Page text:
Posts Tagged Jobs
Posted on March 5, 2014 with No Comments
How to Interview like a Pro: Tips from a Local Recruiter
For most people, an interview creates a lot of stress and anxiety—it is an intimidating way to make a great first impression. For most employers though, the goal of inviting an applicant in for an interview is to get to know them. It’s a meeting based around discovery. We want to know who you are and if you could successfully fit in with the culture of our organization, the position, and the department. We also want you to ask questions that can help you make a decision about whether our company is the right place for you.
Quick tips for standing out & having a successful interview:
- Dress for the job you’re applying for. It’s okay to ask what the dress code is when you’re scheduling the interview.
- Make eye contact, smile, and shake the interviewer’s hand.
- Bring a few copies of your resume with you to the interview.
- If you have a samples of something that relates to the position you’re applying for, have it on hand (i.e. for a graphic design position, bring some of your design work).
- Don’t over-think things. Trying to perfect every sentence comes off as robotic.
- Be natural and be yourself; it is okay to smile and laugh! We can sense when an applicant is putting on a façade.
- Work experience and qualifications are important, but they’re not everything. We’re trying to find someone who “fits” in with the department and the company as a whole. Try to find something in common with the interviewer and make an emotional connection.
- As the interview wraps up, ask what the next steps are. In most instances, recruiters are happy to let you know where they are in the hiring process and when you should expect to hear back.
~Myra Fundis, UVM ‘11
Human Resources Wellness Specialist with Blue Cross Blue Shield of Vermont
Want to learn more? Join us and special guest National Life for:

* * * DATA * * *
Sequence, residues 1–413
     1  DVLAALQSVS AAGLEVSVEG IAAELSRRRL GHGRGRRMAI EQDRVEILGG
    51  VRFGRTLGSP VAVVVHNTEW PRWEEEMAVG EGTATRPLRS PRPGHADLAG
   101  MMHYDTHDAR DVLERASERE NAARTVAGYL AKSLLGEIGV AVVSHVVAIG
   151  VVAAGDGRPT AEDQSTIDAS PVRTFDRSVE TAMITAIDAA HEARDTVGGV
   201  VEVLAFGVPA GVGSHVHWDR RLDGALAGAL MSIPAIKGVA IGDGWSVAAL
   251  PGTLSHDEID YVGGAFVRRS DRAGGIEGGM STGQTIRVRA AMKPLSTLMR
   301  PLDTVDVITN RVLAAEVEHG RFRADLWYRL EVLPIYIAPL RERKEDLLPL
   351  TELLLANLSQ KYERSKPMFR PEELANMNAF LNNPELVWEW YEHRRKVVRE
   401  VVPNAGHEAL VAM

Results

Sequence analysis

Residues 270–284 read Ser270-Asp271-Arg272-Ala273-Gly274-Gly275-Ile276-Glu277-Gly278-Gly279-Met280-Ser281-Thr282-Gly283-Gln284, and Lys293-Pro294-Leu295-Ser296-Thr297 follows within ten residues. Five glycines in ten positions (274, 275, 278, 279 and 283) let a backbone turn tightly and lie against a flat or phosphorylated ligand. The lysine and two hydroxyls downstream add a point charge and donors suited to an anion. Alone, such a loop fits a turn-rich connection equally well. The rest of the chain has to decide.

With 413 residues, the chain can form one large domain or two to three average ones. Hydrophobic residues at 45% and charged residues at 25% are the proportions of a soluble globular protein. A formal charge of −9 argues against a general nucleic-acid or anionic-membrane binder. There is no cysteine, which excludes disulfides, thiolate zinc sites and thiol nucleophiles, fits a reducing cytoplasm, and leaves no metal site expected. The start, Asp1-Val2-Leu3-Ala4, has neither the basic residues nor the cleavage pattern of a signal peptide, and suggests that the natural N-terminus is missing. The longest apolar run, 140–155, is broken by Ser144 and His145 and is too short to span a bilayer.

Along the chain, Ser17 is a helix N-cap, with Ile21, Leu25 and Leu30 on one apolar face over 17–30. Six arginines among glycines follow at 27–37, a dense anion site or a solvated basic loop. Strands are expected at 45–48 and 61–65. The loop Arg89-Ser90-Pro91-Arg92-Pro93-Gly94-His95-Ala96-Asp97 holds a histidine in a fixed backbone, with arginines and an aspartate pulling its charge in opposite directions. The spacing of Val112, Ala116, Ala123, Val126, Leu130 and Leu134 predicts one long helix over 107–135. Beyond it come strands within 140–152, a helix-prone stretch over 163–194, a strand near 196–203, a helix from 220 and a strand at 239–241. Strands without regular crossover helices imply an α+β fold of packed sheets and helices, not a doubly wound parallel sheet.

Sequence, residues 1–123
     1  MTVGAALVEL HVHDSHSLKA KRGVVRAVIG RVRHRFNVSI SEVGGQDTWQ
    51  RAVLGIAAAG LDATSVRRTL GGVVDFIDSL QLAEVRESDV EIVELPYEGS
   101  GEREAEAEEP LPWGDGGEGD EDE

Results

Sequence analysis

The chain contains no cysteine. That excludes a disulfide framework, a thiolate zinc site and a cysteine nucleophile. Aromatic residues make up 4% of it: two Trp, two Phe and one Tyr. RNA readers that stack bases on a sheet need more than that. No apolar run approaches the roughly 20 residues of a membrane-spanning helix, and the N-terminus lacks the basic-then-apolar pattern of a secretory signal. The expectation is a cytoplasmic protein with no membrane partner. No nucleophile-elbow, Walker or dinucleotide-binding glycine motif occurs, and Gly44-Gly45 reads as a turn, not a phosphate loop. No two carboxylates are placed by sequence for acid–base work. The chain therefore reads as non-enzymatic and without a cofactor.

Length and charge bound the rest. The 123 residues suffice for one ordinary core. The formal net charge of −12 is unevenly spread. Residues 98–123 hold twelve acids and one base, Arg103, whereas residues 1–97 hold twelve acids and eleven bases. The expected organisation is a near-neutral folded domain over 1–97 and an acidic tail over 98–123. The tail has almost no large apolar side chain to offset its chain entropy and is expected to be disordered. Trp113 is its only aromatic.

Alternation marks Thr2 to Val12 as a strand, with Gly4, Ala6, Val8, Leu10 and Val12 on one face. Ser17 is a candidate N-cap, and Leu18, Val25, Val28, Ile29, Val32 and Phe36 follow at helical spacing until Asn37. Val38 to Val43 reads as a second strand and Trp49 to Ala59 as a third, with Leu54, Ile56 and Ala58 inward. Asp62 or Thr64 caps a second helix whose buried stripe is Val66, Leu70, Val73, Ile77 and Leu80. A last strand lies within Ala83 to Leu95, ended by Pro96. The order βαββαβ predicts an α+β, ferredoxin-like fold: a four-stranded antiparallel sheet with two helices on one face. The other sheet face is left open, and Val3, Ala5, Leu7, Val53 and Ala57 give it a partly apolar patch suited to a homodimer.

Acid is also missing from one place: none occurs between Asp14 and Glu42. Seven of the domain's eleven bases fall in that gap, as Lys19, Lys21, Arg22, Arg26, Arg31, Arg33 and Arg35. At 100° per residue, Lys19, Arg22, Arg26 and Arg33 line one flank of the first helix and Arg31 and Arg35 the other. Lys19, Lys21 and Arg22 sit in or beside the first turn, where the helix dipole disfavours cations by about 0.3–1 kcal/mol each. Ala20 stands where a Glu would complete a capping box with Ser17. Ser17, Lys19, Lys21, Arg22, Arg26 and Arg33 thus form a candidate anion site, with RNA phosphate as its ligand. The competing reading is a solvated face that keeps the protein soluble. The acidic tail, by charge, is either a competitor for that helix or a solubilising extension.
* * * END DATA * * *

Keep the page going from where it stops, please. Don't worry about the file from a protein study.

Savvy Seniors: Interview Like a Pro: Tuesday, March 18, 12-1pm at the Hub
Tags: advice, alumni, Career, Employers, etiquette, events, how to, Interviewing, job search, Jobs, photos, Savvy Seniors, tips
Category: Dress to Impress, Employer Advice, Event, Interviewing, Uncategorized
Posted on February 12, 2014 with No Comments
Nydia E. Guity ‘09
Mental Health Clinician
Fordham-Tremont Community Mental Health Center at Saint Barnabas Hospital
New York City
Major: Social Work
Graduate Program: Fordham University – Master of Social Work
How would you describe what you do on a typical day?
I service clients for individual, family, and group therapy sessions. Topics range from how to manage depressive / anxiety symptoms to how to build and maintain healthy daily routines.
Tell us about your path to this position.
I am a mental health clinician in an outpatient clinic. At this time my goal is to obtain the License in Clinical Social Work (LCSW) and start a private practice. During my time at UVM, I did not expect that I would pursue a career in social work. My plan at the time was to go back to school for a Masters in Nursing.
How did your time at UVM, both in and out of the classroom, prepare you for your position?